- In The Patriot, French & Indian War veteran Benjamin Martin is fueled with unstoppable rage when his second-oldest son is shot point blank by the evil British Cavalry officer Col. Tavington. With minimal help from his two pint-sized sons, Ben brutally takes down a contingent of British Redcoats, not satisfied with making them dead but burning through all of that rage by hacking at one soldier's bloody corpse.
- In Legends Of The Fall, Brad Pitt's character Tristan Ludlow goes on an Unstoppable Rage-fueled Roaring Rampage of Revenge after he watches his younger brother die on a WWI battlefield from machine gun fire and mustard gas. He not only slaughters every German in the vicinity but arrives back at field camp the next morning wearing warpaint of mud and blood and strings of fresh German scalps.
- In Transformers: Revenge of the Fallen, Optimus Prime fights Megatron, Starscream and Grindor by himself and is eventually overpowered and blasted halfway across a forest area. After Megatron tries to justify his means for wanting to kill Sam, Optimus denies his reasoning, charges right into the midst of them, slices off Grindor's arm, beats down Megatron, slices off Starscream's arm (and whacks him across the face with it) then leaps onto Grindor and tears his face in two, killing him.
"You'll never stop at one! I'LL TAKE YOU ALL ON!"
"We will kill them all"
- In DOTM, Optimus might as well be fueled by Unstoppable Rage.
- The eponymous hero in the Spider-Man Trilogy flies into a fit of rage anytime his loved ones are threatened or harmed, usually resulting in beatdown for the villains.
- In Spider-Man, Green Goblin taunts that after finishing him in their fight, he will kill Mary Jane, whilst making her death 'nice and slow'; Spider-Man quickly recovers and beats the crap out of him.
- After kidnapping Mary Jane in Spider-Man 2, Dr. Octopus rather smugly refuses to give up her location and Spidey attacks him in retaliation.
- This happens several times in Spider-Man 3, once where he confronts and almost kills the Sandman for killing his uncle, the next where he thrashes Harry Osborn in his own home for ruining his life with Mary Jane, the next where Harry takes a blow (two spikes attached to his board) from Venom meant for Peter and is killed because of it.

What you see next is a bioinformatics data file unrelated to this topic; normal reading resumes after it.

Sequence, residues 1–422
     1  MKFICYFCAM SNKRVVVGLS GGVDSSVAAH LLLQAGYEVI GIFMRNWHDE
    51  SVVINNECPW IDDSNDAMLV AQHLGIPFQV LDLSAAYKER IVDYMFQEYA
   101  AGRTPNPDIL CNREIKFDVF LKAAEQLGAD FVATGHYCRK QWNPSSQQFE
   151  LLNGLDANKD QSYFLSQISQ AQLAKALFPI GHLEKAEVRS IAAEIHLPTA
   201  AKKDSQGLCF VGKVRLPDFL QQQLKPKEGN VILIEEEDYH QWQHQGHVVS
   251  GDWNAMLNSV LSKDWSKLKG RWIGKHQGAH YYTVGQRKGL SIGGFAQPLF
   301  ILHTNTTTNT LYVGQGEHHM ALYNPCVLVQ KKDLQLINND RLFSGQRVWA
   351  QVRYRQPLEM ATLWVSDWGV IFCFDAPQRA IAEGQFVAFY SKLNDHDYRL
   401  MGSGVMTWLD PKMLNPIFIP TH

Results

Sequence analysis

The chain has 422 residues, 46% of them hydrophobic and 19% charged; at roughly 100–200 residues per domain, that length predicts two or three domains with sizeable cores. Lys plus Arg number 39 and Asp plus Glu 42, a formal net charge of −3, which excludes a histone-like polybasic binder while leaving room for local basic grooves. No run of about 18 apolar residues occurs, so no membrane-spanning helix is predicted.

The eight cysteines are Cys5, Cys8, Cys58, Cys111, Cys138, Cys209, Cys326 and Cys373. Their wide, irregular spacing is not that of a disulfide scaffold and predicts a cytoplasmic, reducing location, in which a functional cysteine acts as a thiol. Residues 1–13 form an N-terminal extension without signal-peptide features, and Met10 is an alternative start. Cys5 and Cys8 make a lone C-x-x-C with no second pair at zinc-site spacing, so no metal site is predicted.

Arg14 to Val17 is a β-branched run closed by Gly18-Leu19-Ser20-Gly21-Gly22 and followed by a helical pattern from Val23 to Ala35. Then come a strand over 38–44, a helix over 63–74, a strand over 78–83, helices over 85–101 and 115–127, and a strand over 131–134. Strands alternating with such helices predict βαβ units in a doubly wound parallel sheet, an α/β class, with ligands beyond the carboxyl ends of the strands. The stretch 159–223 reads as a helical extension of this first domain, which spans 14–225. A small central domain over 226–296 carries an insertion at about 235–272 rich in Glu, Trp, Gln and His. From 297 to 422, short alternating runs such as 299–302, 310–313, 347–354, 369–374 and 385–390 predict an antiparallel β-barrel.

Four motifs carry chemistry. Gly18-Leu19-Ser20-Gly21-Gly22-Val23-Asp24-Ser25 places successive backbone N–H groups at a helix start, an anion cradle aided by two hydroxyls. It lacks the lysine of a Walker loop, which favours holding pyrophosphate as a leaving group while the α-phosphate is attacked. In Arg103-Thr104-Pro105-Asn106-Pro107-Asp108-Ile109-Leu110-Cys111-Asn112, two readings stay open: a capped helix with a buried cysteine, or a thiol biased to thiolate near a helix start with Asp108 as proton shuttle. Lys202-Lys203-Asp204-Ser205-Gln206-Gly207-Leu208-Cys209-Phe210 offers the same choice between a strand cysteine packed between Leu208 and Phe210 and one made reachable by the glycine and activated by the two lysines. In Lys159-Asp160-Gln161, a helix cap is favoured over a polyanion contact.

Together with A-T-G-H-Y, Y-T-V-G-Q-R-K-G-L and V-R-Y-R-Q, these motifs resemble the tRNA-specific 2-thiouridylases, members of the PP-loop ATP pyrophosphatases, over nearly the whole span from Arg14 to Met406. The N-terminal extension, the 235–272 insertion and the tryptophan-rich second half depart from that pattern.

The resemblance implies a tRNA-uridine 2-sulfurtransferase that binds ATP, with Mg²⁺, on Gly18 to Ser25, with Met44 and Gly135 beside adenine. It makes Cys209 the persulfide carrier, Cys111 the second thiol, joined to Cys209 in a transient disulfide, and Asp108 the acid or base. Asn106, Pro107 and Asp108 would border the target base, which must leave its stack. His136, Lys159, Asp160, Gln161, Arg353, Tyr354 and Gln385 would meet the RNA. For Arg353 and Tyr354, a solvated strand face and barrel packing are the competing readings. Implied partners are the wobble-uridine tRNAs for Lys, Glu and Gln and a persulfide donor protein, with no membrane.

- Ralphie in A Christmas Story. After getting a C+ on his "What I Want For Christmas" essay, and feeling really despondent, neighborhood bully Scot Farkus pelts him in the face with a snowball. After he adds some verbal taunting, Ralphie snaps and beats the everloving crap out of him, while other neighborhood kids look on, reducing Farkus to a sobbing, miserable wreck.
- District 9: Wikus in the final battle.
- Kham in Tom Yum Goong (aka The Protector). After discovering that his elephant had been butchered and the bones set with gold and jewels, he goes into serious Heroic BSOD mode. He doesn't notice the horde of thugs beating on him until one makes the mistake of stabbing him in the side. This snaps him out of his grief and turns his BSOD into a Roaring Rampage of Revenge.
- The Fugitive: Richard Kimble displays this upon finally encountering the man who murdered his wife, and upon confronting his so-called friend who set the murder plot in motion.
- Jason Voorhees, the main killer from the Friday the 13th series, is made of this. A bad childhood with him used as the other kids' chew toy, nearly got drowned and has seen his own mother, the only person in the world who treated him as a human being, killed by some girl are all the ingredients needed to create an immortal, vengeful serial killer who is spending his time butchering people that get too close to him. Hell, his rage is so great that not even the Dream Demon Freddy Krueger himself can fight it.
- Spock to Harrison at the end of Star Trek Into Darkness.